Employers and other plan sponsors have the option of carving in or carving out their pharmacy benefit programs from their medical benefits. There are a number of important factors that should be considered when deciding whether or not to carve out pharmacy benefits. This article identifies the advantages and disadvantages of both options and raises important questions to consider when contemplating a move to carve-out.
When the pharmacy carve-in approach is used, the employer contracts directly with the medical health plan vendor for medical and pharmacy benefits. The vendor will either administer the program in-house or contract with a pharmacy benefits manager (PBM) vendor to process pharmacy claims and administer the pharmacy program. Because the employer contracts directly with the medical health plan vendor, there is no direct relationship with the PBM.
A pharmacy carve-in is typically used under the fully insured model. In 2015, the Pharmacy Benefit Management Institute (PBMI) reported 23% of smaller employers (less than 5,000 lives) and 7% of larger employers (greater than 5,000 lives) were fully insured. Under the fully insured model, the employer pays a premium to the insurer and the insurer assumes the risk of the total claims amount rather than the employer.
When the pharmacy carve-out approached is used, employers contract directly with a PBM vendor to administer their pharmacy benefits program.
A pharmacy carve-out is typically used under the self-insured model. In 2015, PBMI reported 77% of smaller employers and 93% of larger employers were self-insured. Under the self-insured model, the employer assumes the risk and benefits from managing costs. Pharmacy stop-loss insurance may be purchased to mitigate the risk of total claims amounts going over a certain threshold. A pharmacy carve-out can also be used with the fully insured model, although this is less common.
- The contract for medical and pharmacy is with one vendor, which can simplify administration and management
- Potential for better coordination of care between medical and pharmacy benefits
- Easier coordination with stop-loss insurance
- Less flexibility with plan design
- A combined medical and pharmacy contract allows for limited transparency and audit rights:
- Limited access to claims data experience to see if you are “winning” or “losing” under the fully insured model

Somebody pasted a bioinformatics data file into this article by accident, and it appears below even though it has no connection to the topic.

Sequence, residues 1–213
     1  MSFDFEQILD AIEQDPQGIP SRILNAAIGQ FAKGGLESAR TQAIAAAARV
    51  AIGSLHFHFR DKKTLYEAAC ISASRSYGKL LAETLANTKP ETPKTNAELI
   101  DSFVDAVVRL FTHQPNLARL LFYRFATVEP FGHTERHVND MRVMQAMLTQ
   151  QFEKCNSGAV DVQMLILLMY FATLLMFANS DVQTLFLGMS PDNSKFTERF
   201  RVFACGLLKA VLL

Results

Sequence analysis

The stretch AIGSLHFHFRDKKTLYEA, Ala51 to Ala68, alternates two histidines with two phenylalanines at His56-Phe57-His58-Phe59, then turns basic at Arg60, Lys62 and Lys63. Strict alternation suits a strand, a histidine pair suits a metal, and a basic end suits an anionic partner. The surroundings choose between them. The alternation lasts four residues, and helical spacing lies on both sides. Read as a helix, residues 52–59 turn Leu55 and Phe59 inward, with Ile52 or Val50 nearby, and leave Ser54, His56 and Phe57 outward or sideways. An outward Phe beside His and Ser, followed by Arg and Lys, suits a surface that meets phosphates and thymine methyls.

- Limited audit rights, if any
- Penalty fees are typically stipulated by the contract should employers choose to change to carve-out at a later date
- Flexible plan design and clinical programs that can help reduce costs
- Standard language in the PBM contract allows for increased transparency and flexibility:
- Access to pharmacy claims data
- Audit rights, including:
- Claims audit
- Operational assessment
- Rebate audit
- Annual market check provision to ensure that the rates stay competitive with the current market
- Service performance guarantees
- Implementation credits to offset expenses of switching to a new vendor
- Annual administration allowance to offset expenses incurred through the administration of the pharmacy benefit program
- The contracts for medical and pharmacy are with multiple vendors, which can increase the administrative burden
- If the medical and pharmacy accumulators are combined, they will need to be integrated
If you currently have a pharmacy carve-in and are interested in carving out pharmacy benefits, here are some important questions to consider:
- How much are your pharmacy benefits currently costing you?
- Is your medical health plan vendor currently passing through rebates?
- When does your current contract term end?
- Is the timing right to conduct a PBM request for proposal (RFP)—and possibly a medical health plan RFP?
- Will your medical health plan vendor increase your fees if you carve out your pharmacy benefits?
- How is your staff currently overseeing the pharmacy benefits program?
- Do you need additional resources to help you make an informed decision?
In conclusion, when considering a move to a pharmacy benefits carve-out, employers should consider the advantages and disadvantages of both options. They should also bear in mind other important factors—including current cost, appropriate timing, and internal staff expertise—to ensure they’re making a well-informed decision.
This article first appeared in the May 2017 issue of Health and Group Benefits News and Developments.
If you would like to receive the Health & Group Benefits newsletter directly, send an email here.